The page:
When you include the American Institute for Cancer Research in your estate plans, you make a major difference in the fight against cancer.

Corporate Champions who partner with the American Institute for Cancer Research stand at the forefront of the fight against cancer

The Continuous Update Project (CUP) is an ongoing program that analyzes global research on how diet, nutrition and physical activity affect cancer risk and survival.

A major milestone in cancer research, the Third Expert Report analyzes and synthesizes the evidence gathered in CUP reports and serves as a vital resource for anyone interested in preventing cancer.

AICR has pushed research to new heights, and has helped thousands of communities better understand the intersection of lifestyle, nutrition, and cancer.

Read real-life accounts of how AICR is changing lives through cancer prevention and survivorship.

We bring a detailed policy framework to our advocacy efforts, and provide lawmakers with the scientific evidence they need to achieve our objectives.

AICR champions research that increases understanding of the relationship between nutrition, lifestyle, and cancer.

AICR’s resources can help you navigate questions about nutrition and lifestyle, and empower you to advocate for your health.

AICR is committed to putting what we know about cancer prevention into action. To help you live healthier, we’ve taken the latest research and made 10 Cancer Prevention Recommendations.

June 6, 2019 | 2 minute read

Can Social Media Help Improve Health?

Twitter, Facebook, and Instagram have become the way that many people connect and share information. But can the use of social media and dedicated eHealth tools be combined to improve health?

During AICR’s annual conference, Deborah Tate, PhD professor in the Department of Health Behavior at the University of North Carolina (UNC) and Carmina G. Valle, PhD, MPH, of UNC’s Lineberger Comprehensive Cancer Center, co-chaired a session about the use of emerging technologies to help people manage weight and engage in physical activity.

“Social media and other eHealth tools may be key to reaching populations that are young, rural, and racially diverse,” said Dr. Tate. Dr. Valle stressed the idea that digital interventions appear to improve physical activity and fatigue in the short term; however, she also underlined that the use of eHealth technologies is very recent, and that there are several challenges for researchers in understanding the significance and application of the results.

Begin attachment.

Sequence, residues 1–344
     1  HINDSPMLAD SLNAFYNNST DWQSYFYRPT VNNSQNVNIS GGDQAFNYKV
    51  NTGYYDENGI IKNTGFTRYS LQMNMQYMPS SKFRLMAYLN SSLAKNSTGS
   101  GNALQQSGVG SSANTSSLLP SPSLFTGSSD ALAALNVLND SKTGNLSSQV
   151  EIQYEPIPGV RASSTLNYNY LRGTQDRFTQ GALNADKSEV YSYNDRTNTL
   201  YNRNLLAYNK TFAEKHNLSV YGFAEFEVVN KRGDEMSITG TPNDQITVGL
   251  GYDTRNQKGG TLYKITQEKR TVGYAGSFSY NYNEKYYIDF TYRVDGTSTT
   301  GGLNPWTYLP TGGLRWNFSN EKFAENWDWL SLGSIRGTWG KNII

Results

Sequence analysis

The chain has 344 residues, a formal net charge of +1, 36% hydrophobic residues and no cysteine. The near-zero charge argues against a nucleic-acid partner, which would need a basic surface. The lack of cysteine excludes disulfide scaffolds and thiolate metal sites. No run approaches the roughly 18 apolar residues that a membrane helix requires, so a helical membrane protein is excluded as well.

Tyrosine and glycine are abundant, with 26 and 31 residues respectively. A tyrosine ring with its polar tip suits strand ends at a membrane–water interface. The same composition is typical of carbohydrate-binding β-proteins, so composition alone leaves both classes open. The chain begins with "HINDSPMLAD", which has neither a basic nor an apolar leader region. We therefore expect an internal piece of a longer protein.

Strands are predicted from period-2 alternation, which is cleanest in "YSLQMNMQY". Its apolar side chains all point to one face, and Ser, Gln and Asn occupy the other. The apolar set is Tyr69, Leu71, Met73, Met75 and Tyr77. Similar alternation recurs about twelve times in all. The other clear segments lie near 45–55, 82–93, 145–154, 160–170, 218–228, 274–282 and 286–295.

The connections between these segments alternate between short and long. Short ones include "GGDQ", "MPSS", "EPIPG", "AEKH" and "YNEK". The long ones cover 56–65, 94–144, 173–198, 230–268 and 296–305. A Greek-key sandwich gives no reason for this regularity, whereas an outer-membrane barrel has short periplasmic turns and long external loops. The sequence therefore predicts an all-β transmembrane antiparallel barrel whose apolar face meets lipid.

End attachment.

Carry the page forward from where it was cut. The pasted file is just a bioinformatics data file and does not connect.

According to Dr. Valle recent reviews indicate there’s emerging evidence that using social networks help support behavior change but more research on maintaining engagement is needed.

social media and health, Can Social Media Help Improve Health?

Lindsey Horrell, PhD, Julianne Power, MS, and Brooke T. Nezami, PhD also presented on the use of “smart” tools that track activity and weight.

“Just-in-Time Adaptive Interventions (JITAIs) from mobile health apps change physical activity in the 30 minutes after a message,” said Dr. Brooke Nezami, presenting findings from two studies focused on helping weight-loss efforts among new mothers and African-American women. The studies focused on healthy eating, physical activity and self-monitoring by daily weigh-ins, recorded on smart scales connected to researchers’ labs.

Results from these studies found that initial participation was high, but engagement declined over time. However, support from social media groups — co-participants or leaders of the group — did increase participation and log on rates.

If you would like to join a supportive and educational challenge to help you meet the AICR Cancer Prevention Recommendations sign up for our New American Plate Challenge.

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